World Literature as Process and Relation: East Asia's Russia and Translation
This talk discusses world literature models through an examination of Russian and East Asian literary relations and translation-related issues. Through the discussion of recent world literary theories with a focus on East Asia-Russia literary interactions, translation, circulation, literary prizes, and ethical approaches to world literature, this talk argues that we are best served by thinking of world literature not as an entity that operates by inclusion and exclusion or as a single diffusion network defined by hierarchical and competitive relations but as a totality of entangled literary and cultural relations and processes through which new meanings and implications are generated. Rethinking world literature as a new lens, rather than as an object to know, also provides new perspectives that allow us to understand the world better through various literatures and their connections.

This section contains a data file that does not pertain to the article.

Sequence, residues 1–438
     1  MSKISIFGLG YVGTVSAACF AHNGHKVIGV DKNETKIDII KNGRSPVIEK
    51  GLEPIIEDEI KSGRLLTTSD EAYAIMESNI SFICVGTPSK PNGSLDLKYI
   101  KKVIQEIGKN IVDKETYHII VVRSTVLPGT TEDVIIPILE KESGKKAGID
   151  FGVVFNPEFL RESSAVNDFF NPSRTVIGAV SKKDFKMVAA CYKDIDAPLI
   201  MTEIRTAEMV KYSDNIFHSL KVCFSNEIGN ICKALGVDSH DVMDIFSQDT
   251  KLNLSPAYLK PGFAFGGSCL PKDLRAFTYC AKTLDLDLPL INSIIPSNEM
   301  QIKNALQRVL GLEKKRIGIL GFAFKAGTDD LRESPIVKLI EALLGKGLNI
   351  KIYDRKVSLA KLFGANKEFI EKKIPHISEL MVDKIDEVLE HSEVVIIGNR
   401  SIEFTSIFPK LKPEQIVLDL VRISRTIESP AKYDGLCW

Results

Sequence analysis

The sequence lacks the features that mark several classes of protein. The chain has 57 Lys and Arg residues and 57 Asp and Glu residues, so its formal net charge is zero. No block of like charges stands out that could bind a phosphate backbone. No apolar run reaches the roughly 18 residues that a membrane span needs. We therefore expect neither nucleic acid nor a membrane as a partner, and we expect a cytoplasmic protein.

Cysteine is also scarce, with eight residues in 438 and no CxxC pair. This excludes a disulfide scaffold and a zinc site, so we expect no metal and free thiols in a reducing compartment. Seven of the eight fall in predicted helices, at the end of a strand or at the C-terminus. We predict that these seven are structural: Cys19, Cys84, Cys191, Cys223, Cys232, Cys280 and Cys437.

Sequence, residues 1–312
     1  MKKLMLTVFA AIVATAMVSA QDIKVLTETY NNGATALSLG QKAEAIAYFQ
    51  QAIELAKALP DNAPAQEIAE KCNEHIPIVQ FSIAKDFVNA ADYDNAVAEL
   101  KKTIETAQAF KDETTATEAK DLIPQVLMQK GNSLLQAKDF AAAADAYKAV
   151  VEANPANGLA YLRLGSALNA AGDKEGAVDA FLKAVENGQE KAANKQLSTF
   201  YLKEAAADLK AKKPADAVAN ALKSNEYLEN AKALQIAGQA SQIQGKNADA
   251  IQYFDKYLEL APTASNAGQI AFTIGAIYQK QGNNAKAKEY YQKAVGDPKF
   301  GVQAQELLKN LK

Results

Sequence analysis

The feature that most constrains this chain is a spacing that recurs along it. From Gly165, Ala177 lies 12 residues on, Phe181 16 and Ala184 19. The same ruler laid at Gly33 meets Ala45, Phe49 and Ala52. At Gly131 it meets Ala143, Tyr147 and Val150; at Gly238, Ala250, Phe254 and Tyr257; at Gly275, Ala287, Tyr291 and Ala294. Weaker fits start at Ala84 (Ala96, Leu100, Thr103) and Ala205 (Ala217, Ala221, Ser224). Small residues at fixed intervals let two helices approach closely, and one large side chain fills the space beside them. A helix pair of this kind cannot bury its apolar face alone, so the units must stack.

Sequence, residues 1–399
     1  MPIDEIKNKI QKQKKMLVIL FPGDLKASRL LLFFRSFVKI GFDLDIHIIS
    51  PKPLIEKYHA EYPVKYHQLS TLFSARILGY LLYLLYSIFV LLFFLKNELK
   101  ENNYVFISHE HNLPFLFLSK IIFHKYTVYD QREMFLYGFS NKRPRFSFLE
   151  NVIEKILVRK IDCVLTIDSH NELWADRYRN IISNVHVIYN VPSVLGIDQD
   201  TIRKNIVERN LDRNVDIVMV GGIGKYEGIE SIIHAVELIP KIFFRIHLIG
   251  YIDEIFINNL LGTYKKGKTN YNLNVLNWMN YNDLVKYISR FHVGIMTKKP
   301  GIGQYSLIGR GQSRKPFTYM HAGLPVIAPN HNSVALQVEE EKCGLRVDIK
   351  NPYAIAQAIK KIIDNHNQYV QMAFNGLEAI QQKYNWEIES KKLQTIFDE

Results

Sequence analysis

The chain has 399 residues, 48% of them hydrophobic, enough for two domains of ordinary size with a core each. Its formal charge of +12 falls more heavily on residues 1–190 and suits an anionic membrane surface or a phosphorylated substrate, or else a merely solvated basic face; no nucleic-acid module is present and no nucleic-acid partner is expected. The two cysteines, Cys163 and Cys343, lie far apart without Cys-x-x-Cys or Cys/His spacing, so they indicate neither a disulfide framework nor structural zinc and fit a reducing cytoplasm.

Heekyoung Cho is associate professor in the Department of Asian Languages and Literature at the University of Washington, Seattle. She is the author of Translation’s Forgotten History: Russian Literature, Japanese Mediation, and the Formation of Modern Korean Literature (2016). Her articles discuss topics on translation and the creation of modern fiction, translation and censorship, serial publication, world literature, and webcomics. Her current research focuses on seriality in cultural production in both old and new media, including digital serialization and transmedial production, as well as graphic narratives and media platforms.
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